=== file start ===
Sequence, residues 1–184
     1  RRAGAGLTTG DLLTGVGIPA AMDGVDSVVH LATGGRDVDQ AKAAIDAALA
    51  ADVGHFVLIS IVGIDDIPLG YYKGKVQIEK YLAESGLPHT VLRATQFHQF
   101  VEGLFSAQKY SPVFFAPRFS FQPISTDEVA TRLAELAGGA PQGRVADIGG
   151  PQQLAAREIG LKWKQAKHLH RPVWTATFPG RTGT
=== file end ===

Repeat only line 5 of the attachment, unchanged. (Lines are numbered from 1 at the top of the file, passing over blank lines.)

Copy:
   151  PQQLAAREIG LKWKQAKHLH RPVWTATFPG RTGT